“Using your knowledge of your children’s interests, past enjoyable experiences, and learning strengths to bridge their interest to school subjects will result in their improved attitudes, motivation, perseverance, and ultimately their increased confidence that their efforts will pay off”
Dr. Judy Willis, Board Certified Neurologist and Middle School Teacher
As a parent, you have probably heard your child come home from school and say the dreaded words, “ I hate school!” Perhaps you have gotten the milder, “I don’t like school” or “School is boring!” Like most parents, you probably cringe a little bit when they say things like that and wonder how you can get your child to enjoy school more and feel better about her days. Maybe it was just a bad day; maybe it is more. While we can all probably remember saying similar things at different times during our school careers, the Common Core standards, and prior to that “No Child Left Behind” mandate, have made many children and teachers feel like they are part of “drill and kill” learning and teaching first, and enjoyable learning and teaching second. In the “Psychology Today” article “What To Do When Your Child Hates School,” the aforementioned Dr. Judy Willis states that such a reaction is probably quite normal and healthy in a child. She says that there are many techniques a parent can use to turn this around.
Dr. Willis has a unique vantage point as both a neurologist and a middle school teacher. From her medical background, she talks about how such a reaction is a normal type of stress reaction for children to today. School has become more of a pressure cooker of an experience as opposed to days gone by, with mandates that are currently favored. This is coupled by many school districts that have eliminated or greatly reduced the “extras,” such as library, art, music, and physical education (other times even science and social studies), to focus in on math and English. Most children will perceive this as somewhat threatening and stressful. She says that a child saying they hate or dislike school, or find it boring, is quite indicative of this perceived threat or stress.
Fortunately, skilled and talented teachers do their best to make the most of the new mandates, by weaving in their own style and fun where they can. Unfortunately, this is not always enough to change negative attitudes. Yet weary parents, Dr. Willis offers some great ideas to bridge the brain gap between school and home.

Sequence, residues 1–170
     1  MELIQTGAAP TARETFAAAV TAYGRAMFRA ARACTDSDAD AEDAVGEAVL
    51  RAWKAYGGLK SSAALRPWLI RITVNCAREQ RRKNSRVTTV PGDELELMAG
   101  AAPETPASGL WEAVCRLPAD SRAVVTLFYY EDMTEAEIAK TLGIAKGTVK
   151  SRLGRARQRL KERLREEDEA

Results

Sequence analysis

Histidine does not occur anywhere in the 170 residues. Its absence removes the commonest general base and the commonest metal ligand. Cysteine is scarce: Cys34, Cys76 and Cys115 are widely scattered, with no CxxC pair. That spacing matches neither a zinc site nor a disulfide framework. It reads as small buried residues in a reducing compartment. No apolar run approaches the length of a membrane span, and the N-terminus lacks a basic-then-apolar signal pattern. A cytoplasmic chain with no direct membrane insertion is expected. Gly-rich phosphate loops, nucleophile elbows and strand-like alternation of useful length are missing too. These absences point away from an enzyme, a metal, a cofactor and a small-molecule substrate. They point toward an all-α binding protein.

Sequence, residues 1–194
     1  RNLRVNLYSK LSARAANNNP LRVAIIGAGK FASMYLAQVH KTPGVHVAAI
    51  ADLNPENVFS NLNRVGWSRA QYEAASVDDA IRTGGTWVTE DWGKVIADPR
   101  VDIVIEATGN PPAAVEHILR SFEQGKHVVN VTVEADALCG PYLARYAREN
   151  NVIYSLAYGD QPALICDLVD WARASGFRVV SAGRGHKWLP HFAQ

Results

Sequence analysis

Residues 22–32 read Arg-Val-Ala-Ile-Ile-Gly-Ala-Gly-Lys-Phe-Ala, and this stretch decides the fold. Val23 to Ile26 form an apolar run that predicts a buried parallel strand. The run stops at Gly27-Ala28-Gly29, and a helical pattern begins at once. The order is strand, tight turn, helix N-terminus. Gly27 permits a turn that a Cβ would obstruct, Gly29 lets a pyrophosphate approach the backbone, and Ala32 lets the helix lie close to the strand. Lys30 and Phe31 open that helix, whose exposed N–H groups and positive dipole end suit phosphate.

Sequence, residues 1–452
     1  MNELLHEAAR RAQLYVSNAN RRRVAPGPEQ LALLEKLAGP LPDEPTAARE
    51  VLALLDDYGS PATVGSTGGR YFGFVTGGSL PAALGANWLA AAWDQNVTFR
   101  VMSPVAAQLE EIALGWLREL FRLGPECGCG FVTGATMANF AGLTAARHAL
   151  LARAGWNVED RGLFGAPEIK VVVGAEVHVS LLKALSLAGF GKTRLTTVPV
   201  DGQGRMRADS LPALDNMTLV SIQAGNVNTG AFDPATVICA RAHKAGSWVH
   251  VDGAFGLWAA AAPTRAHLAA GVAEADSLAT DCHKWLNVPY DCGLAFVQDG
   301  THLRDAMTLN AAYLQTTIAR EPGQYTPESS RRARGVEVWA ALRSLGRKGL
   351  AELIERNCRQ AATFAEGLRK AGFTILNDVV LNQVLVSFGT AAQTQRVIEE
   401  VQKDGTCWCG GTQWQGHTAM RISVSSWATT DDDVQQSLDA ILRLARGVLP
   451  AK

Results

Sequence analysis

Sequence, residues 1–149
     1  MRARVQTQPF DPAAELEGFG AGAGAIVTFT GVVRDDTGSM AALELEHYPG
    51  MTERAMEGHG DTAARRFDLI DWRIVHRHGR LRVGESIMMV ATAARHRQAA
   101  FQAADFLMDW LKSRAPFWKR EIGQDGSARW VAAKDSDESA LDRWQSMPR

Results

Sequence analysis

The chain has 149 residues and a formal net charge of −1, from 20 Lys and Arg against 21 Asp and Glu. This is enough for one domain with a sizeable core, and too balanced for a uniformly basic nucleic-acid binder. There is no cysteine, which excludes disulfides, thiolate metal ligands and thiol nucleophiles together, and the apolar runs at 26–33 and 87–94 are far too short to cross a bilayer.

Early on in her career as a neurologist, there was many times in which she would observe patients in the classroom. Their concerned parents thoughts that they were experiencing ADHD or another type of neurological problem, as their children would zone out in the classroom; be plainly inattentive; act out; and voice frustration and angst about school at home. Wanting to address this phenomenon with neurological understanding, Dr. Willis became a teacher.
In the article, Dr. Willis gets into the incredible synaptic events that occur in parts of the brain when learning happens. She also addresses what is happening when students enjoy learning and how the brain releases dopamine, t he feel good chemical, when this occurs. I will leave the full neurological explanation to the neurologist. What I can say is that Dr. Willis describes what parents should do at home to foster brain and true, enjoyable learning connections, but most importantly return the thrill of learning to a weary child. Parents need to help their children make personal connections to what they are learning. They need to make it relevant to them, so they are curious and enthusiastic about learning. By injecting, for lack of a better word, your child’s interests, past and present experience, and curiosities into say a lesson on the pioneers (an example she gives in the article) the subject become a live for them. In the brain, it returns learning from the lower reactive brain where more negatively perceived emotions come from, back to the higher thinking brain. The example and explanation from the article:
An example would be activating the memory of family camping trips to link with the new learning about the settlers traveling across the country in covered wagons. When you help your children link the new learning about the settlers with that long-term stored memory of family camping trips, the school-based social studies lessons grow more dendrites that carry information between neurons that hold the memories. Now, the neuroplasticity links are mental Velcro. When your children want to remember facts about the social studies lesson for a test, recalling the camping trips retrieves the associated information they need to answer the test questions.
As she states, repeated linking of related memories with new learning is brain glue. She offers further fascinating descriptions of what is going on inside the brain. Dr. Willis states that when parents help their children connect with what they are learning: “…The Velcro is now waiting in their brains and their neural circuits are prepared to grow the dendrites that will physically link the new information with their permanent memory circuits. These connections spur curiosity, desire to learn, and critical thinking skills”.
If parents want to build brain bridges, they need to play a more active role. It may help to have more of an understanding of the curriculum plans for the upcoming weeks. Parents will need to ask the teacher what they will be discussing in class. Parents need to be open and attentive listeners. They need to be ready for the chance to connect their children’s curriculum to their personal interests and experiences. The payout is so worth it for everyone’s sake, Willis states. A parent would agree. When a previously bored, anxious, or overwhelmed student suddenly lights up about school, what a return….